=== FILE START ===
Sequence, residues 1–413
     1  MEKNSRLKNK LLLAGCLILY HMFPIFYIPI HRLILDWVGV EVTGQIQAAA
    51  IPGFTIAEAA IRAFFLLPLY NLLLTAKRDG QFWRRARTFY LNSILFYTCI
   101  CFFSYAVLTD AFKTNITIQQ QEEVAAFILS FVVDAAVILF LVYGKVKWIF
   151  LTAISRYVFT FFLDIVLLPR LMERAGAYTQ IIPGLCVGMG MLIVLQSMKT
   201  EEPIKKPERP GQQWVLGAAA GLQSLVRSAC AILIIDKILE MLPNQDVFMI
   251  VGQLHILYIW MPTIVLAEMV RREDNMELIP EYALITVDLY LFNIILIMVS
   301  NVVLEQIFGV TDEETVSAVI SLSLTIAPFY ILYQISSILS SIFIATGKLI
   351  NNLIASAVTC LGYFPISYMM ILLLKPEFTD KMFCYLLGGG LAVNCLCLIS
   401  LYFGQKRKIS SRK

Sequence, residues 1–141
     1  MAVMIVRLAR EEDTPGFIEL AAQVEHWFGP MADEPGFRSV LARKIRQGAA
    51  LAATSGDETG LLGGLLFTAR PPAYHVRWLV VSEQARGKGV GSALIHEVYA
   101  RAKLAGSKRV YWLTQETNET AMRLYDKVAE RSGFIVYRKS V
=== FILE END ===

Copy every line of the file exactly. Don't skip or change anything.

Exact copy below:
Sequence, residues 1–413
     1  MEKNSRLKNK LLLAGCLILY HMFPIFYIPI HRLILDWVGV EVTGQIQAAA
    51  IPGFTIAEAA IRAFFLLPLY NLLLTAKRDG QFWRRARTFY LNSILFYTCI
   101  CFFSYAVLTD AFKTNITIQQ QEEVAAFILS FVVDAAVILF LVYGKVKWIF
   151  LTAISRYVFT FFLDIVLLPR LMERAGAYTQ IIPGLCVGMG MLIVLQSMKT
   201  EEPIKKPERP GQQWVLGAAA GLQSLVRSAC AILIIDKILE MLPNQDVFMI
   251  VGQLHILYIW MPTIVLAEMV RREDNMELIP EYALITVDLY LFNIILIMVS
   301  NVVLEQIFGV TDEETVSAVI SLSLTIAPFY ILYQISSILS SIFIATGKLI
   351  NNLIASAVTC LGYFPISYMM ILLLKPEFTD KMFCYLLGGG LAVNCLCLIS
   401  LYFGQKRKIS SRK

Sequence, residues 1–141
     1  MAVMIVRLAR EEDTPGFIEL AAQVEHWFGP MADEPGFRSV LARKIRQGAA
    51  LAATSGDETG LLGGLLFTAR PPAYHVRWLV VSEQARGKGV GSALIHEVYA
   101  RAKLAGSKRV YWLTQETNET AMRLYDKVAE RSGFIVYRKS V